This is a general property of waves. If you have waves reflecting off a clamped point (like waves running on a string that you pinch hard at one point), the waves get phase inverted. The reason is the principle of superposition and the condition that the amplitude at the clamped point is zero. The sum of the reflected and transmitted wave must be the amplitude of oscillation at all points, so that the reflected wave must be phase inverted to cancel the incoming wave.
This property is continuous with the behavior of waves going from a less massive string to a more massive string. The reflection in this case has opposite phase, because the more massive string doesn't respond as quickly to the tension force, and the amplitude of oscillation at the contact point is less than the amplitude of the incoming wave. This means (by superposition) that the reflected wave must cancel part of the incoming wave, and it is phase reflected.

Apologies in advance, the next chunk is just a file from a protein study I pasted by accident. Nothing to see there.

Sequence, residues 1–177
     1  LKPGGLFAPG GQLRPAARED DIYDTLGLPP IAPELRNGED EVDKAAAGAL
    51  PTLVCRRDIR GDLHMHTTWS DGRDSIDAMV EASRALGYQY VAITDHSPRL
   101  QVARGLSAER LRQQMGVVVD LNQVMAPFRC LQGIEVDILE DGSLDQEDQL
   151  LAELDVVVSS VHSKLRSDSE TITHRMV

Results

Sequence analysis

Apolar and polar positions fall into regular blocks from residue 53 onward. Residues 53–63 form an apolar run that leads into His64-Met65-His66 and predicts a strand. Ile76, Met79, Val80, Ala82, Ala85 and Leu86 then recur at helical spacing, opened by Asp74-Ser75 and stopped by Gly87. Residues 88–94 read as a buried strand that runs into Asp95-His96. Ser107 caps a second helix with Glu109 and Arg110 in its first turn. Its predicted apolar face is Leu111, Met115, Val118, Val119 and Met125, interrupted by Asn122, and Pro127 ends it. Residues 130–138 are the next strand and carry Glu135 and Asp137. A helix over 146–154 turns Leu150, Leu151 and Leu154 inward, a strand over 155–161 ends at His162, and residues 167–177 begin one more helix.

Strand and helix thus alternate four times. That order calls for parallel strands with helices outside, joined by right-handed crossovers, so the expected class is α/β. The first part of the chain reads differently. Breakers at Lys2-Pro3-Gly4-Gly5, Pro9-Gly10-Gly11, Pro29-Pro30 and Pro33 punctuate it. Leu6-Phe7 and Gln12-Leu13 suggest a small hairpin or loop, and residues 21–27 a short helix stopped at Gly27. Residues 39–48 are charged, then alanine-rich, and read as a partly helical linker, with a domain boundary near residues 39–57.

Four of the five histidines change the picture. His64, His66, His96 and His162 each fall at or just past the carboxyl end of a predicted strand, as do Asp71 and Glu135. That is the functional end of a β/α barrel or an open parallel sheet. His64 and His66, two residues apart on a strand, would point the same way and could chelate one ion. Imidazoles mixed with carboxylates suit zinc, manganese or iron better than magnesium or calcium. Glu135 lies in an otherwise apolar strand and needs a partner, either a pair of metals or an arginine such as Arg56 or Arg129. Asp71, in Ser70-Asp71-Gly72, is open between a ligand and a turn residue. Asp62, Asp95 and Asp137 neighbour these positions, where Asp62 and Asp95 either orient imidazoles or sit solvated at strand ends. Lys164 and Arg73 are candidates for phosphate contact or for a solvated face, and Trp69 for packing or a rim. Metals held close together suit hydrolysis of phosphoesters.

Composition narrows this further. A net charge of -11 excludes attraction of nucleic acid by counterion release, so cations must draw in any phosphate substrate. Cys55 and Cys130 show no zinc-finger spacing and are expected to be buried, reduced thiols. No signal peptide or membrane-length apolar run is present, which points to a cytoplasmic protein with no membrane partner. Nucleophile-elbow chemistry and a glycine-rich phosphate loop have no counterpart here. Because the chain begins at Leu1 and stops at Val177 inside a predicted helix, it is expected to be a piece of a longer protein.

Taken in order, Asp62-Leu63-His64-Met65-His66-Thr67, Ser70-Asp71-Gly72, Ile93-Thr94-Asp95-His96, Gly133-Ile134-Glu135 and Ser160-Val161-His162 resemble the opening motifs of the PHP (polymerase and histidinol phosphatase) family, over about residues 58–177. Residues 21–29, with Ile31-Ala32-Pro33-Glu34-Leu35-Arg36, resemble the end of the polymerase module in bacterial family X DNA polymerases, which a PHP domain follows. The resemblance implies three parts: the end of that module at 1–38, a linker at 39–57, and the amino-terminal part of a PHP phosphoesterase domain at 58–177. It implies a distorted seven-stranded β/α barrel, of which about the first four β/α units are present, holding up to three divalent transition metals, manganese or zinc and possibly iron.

When a wave goes from a more massive string to a less massive string, the less massive string responds with less force, so that the derivative at the oscillating end is flatter than it should be. This means that the reflected wave is reflected in phase with the incoming wave, so that the spatial derivative of the wave is cancelled, not the amplitude reduced.
In optical materials of high density are analogous to strings with a higher density, hence the name. If you go into a material with low speed of light, the time derivative term in the wave-equation is suppressed, so that the field responds more sluggishly, the same way that a massive material responds more sluggishly to tension pulls. Since the eletric field response in these materials is reduced, the reflected wave is phase inverted to make the sum on the surface less, as is appropriate to match with the transmitted wave.